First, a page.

Alpha Dog Customer Service
I have finally decided to name a type of customer service that unfortunately seems prevalent in the marine industry. I've found that naming things like this usually makes them easier to deal with and accept–the giant spider named Anthony that once lived in my bedroom or the scary and educational plastic skeleton named Steve I keep in the supply closet at work.
I'm naming it Alpha Dog Customer Service. I'm sure you've dealt with it. It goes like this.
I've started a boat project. I'm new at this. I'm not particularly handy, I'm into sailing and I own a boat to go boating. I have a full-time job and a part-time one. It's not that I don't respect handiness or people that are handy, I'm from the sticks of Missouri after all, it's that a person only has so many hours in the day. I don't really enjoy boat projects that much, but hey, I'm not rich so D.I.Y. comes with the territory. Moral of the story? When I'm doing a project I want it done well, and as quickly and cheaply as possible.
I'm lucky enough to have friends that know what they're talking about. They sometimes agree to help me with my projects (awesome!). Kevin says, "Can you head down to Mallard Hardware Store (real store name protected) and pick up a flap wheel drill bit?" Sure Kev, no problemo.
Laughter. Like, they're almost crying behind the desk at the hardware store kinda laughter. Why? Because I don't know what grit size of flap wheel I need. "We've got hundreds of grit sizes!" they say as they roll around on the floor chuckling. Chuckling is part of the Alpha Dog Customer Service technique. It's usually preceded or followed by stern looks, sassiness, or my favorite, the occasional silent treatment.
Luckily I sent a quick text to Kev and resolved the situation. Imagine the look on my face later when I found out that although flap wheel grit sizes go up to 600 or so, there's not actually "hundreds of sizes". The numbers jump like sandpaper - 280, 320, 360, etc. Which makes there just over 20 sizes. Bleh.
I hate to pick on only hardware stores because some marine store customer service reps practice Alpha Dog Customer Service to near perfection. Last summer, however, they didn't see me coming. I had a secret weapon this time–my stepdad Jon.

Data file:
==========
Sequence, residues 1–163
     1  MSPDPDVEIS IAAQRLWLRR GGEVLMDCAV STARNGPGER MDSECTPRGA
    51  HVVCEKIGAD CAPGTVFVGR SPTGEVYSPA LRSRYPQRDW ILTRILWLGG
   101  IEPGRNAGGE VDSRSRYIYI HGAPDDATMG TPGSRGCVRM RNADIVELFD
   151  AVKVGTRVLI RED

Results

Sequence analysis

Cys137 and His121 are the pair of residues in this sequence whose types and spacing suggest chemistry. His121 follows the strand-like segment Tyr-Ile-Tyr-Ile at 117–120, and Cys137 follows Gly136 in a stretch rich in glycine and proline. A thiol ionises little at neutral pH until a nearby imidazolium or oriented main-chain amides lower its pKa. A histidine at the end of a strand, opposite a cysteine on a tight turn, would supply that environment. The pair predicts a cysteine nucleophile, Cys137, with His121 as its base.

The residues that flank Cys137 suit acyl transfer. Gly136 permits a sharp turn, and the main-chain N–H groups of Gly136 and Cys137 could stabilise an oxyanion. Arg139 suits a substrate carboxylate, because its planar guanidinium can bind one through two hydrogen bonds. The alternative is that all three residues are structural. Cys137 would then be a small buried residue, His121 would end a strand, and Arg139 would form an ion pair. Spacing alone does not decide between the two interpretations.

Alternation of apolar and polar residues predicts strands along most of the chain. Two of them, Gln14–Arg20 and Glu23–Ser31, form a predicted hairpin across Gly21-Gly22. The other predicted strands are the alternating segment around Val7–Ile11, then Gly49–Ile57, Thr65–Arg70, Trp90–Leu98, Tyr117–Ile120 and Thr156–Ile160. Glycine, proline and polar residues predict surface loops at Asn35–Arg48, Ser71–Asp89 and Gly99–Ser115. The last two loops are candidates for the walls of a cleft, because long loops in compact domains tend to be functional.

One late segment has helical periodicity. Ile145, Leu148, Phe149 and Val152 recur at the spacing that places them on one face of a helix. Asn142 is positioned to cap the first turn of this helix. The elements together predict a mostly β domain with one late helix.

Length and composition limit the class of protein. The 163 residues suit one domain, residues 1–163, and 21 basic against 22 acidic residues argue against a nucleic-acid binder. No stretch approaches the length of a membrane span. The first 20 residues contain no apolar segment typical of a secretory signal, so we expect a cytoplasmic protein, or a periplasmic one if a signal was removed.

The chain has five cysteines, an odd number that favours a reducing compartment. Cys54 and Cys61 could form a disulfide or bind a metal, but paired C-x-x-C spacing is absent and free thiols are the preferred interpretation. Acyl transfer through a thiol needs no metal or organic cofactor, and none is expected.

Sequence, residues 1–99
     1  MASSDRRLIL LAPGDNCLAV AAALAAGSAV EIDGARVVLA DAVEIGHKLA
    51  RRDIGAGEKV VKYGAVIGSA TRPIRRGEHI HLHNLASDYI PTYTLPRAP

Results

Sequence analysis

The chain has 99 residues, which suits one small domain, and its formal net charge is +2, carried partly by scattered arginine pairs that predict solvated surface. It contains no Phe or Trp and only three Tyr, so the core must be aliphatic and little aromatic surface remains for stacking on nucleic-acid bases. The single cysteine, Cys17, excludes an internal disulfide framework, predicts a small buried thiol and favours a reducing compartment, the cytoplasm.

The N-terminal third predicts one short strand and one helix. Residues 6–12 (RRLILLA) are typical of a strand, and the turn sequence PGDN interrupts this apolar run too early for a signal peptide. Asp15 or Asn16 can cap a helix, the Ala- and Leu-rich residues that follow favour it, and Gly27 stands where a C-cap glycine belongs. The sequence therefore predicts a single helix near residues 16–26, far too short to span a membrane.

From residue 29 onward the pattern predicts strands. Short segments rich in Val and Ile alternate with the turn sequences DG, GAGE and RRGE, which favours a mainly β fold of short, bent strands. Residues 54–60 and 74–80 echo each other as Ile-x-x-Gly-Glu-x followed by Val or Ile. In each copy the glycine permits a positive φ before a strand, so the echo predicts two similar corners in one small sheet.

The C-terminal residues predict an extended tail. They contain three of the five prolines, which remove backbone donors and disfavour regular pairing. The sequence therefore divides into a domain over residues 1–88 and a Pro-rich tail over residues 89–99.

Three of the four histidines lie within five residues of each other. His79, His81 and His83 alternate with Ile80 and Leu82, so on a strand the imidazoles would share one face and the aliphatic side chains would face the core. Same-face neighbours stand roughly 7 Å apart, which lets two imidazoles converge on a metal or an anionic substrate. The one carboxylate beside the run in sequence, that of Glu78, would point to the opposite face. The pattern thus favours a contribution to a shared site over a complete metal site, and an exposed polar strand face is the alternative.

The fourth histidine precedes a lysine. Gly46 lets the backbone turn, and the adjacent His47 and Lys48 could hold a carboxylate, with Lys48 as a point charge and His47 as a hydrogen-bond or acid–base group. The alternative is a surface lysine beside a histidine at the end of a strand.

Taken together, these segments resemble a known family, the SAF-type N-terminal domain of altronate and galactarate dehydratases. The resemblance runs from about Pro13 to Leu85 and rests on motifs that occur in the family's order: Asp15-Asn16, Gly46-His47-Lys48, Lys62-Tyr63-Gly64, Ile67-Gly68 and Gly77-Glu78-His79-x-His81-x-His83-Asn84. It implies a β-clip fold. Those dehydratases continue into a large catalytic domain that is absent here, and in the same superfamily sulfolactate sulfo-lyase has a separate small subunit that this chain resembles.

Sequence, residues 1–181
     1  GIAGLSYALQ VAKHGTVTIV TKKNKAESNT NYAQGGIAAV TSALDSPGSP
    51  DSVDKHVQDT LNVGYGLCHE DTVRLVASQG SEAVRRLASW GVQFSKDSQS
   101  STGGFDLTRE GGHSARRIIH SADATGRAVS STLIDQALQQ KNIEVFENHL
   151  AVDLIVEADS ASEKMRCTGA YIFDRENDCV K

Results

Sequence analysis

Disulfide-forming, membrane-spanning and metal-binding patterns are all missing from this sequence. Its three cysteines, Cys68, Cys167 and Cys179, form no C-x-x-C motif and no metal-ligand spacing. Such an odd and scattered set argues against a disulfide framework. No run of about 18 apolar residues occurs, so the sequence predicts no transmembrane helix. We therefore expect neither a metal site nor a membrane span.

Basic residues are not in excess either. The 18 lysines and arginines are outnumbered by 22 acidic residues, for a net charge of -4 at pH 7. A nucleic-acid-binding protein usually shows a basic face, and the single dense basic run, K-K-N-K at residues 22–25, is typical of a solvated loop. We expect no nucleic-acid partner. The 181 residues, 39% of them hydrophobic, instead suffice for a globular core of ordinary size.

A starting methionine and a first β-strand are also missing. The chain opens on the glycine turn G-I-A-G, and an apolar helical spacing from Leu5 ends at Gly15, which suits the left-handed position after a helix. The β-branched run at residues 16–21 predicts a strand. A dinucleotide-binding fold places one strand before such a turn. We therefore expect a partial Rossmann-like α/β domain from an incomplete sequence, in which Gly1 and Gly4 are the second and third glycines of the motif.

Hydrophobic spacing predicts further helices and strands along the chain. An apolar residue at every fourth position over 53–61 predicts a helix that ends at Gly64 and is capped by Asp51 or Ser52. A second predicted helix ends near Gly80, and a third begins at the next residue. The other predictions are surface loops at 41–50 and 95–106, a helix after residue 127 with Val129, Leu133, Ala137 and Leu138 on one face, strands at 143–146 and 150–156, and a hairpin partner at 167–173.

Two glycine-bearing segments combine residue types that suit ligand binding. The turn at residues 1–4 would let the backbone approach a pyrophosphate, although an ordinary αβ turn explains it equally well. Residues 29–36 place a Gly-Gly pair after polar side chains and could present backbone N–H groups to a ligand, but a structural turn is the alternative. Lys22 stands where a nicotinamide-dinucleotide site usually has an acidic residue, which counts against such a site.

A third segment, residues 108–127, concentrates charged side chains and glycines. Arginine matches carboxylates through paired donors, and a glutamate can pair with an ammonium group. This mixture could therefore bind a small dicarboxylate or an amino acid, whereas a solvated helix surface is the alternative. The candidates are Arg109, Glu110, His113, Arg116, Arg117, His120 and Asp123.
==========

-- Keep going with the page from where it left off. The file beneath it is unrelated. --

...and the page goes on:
Jon's from Missouri. He's built houses, rebuilt trucks, driven semis. This guy is handy. The boat project this time involved my Force 10 stove. We had what we thought was a malfunctioning boat stove part. Jon was excited to go to the store and help me get to the bottom of this.
We walked in, side-by-side. Jon had the part in a ziplock bag. The customer service rep greeted us as we approached the counter. Jon didn't say a word. I didn't either–I was scared (why isn't Jon talking?). It was just like car shopping back when I was 15. I went with my Dad and Grandpa. They played hardball. I remember thinking, why are they being so mean to the car salesman?
Jon set the part on the counter. He remained silent. After 45 seconds or so (which felt like an hour) the rep, with a little sweat building on his brow, broke the Alpha Dog chicken contest and asked, "I'm not so sure what this is, I think Steve upstairs will know, let me get him for you". Jon grinned and said, "Thank you". I gave Jon an imaginary high-five knowing that if I had gone in there to ask about the part I would have definitely talked too much, said the wrong things, and received a little something now known as...Alpha Dog Customer Service. Bleh.
~Paul & Jon ETC
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